The General Data Protection Regulation (GDPR) promises to be the biggest transformation to European Privacy Policies in the past 20 years and takes effect from Friday 25th May 2018.

Much speculation has surrounded the effect of the GDPR and we at Sweeney McGann have been advising and providing complimentary in-house training to our clients on compliance with and implementation of GDPR.

Aoife Hennessy has been advising many of our clients in the lead up to this week and outlines the following guidelines for GDPR Compliance:

  1. Stay Calm

In many respects, our Irish data protection rules will look and operate the same. Many of the main concepts and principles of GDPR are much the same as in our current Data Protection Acts and if you and your organisation is compliant under the current law then much of your policies remain valid and may just need to be updated.

 

  1. Key Changes
  • Enhanced rights of the individual- most notably the Right to Data Access, Right to Erasure (to be forgotten) and Data Portability.
  • Data Subject Access Requests (DSARs)- From the 25th May 2018 the time period for an organisation to respond to a DSAR will be reduced from 40 days to one calendar month.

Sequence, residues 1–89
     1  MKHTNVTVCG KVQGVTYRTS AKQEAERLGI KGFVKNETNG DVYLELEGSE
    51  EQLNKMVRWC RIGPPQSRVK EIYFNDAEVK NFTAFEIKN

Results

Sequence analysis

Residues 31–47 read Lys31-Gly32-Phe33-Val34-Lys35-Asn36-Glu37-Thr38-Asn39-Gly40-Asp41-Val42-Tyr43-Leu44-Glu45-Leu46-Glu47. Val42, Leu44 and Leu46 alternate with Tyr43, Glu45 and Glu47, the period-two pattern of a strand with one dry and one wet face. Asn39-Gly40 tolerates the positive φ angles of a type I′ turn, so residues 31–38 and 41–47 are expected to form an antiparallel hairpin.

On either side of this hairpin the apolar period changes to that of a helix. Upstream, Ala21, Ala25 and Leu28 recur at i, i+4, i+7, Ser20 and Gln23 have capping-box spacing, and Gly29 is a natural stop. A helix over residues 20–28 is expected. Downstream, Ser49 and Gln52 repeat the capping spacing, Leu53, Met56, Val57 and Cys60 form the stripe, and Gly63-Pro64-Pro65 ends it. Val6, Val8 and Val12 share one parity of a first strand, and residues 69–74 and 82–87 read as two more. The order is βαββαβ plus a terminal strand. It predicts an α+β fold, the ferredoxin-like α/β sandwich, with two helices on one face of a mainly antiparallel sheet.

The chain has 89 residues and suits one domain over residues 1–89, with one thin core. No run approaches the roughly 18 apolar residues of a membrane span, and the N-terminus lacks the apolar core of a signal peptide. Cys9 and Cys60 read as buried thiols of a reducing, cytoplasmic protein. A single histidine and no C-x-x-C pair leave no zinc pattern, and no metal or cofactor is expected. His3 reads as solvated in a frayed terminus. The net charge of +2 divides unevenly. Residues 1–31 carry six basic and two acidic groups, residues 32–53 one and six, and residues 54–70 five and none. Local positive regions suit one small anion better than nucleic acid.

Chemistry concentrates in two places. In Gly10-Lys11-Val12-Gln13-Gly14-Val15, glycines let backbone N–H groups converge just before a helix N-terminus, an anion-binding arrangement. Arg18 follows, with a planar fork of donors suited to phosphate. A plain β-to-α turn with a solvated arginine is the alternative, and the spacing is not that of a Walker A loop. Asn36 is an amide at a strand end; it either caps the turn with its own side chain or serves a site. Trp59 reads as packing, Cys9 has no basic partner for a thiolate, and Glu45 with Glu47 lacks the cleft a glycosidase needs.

• Elevated Threshold for Consent- Review how you seek, obtain and record Customer Consent. Consent must be specific, informed, freely given and unambiguous.
  • Security Breach Reporting – Data controllers are obliged to keep clear records relating to personal data breaches, including the facts relating to the data breach, its effects and any remedial action taken and if necessary alert the relevant authorities within 72 hours.
  • Data Processors- GDPR imposes increased obligations on processors and makes them liable for breaches when acting outside of the instructions of the controller
  • Records of Processing Activities- Detailed records of processing activities must be kept by processor and controller.
  • Mandatory Data Protection Officer- Must be appointed by public bodies and businesses where there is a regular and systematic monitoring of data subjects on a large scale.
  • Fines- There is a significant increase in the scope of administrative fines for non- compliance and may prove to be very costly. Organisations in breach of the Regulation can be fined up to 2% of their annual global turnover or €10 million, whichever is greater, for lesser breaches. For more serious breaches organisations can be fined up to 4% of their annual global turnover or €20 million, whichever is greater.

 

  1. Fail to prepare and prepare to fail

Use the implementation of GDPR as an opportunity to review and think about your customers, patients, service users, employees and engage with them. Although the core rules remain the same, all organisations will need to have clear policies and procedures in place for GDPR compliance.

GDPR awareness and training are essential for GDPR compliance.

 

If you or your organisation require training or advice on GDPR compliance contact Aoife Hennessy or Ita Flanagan.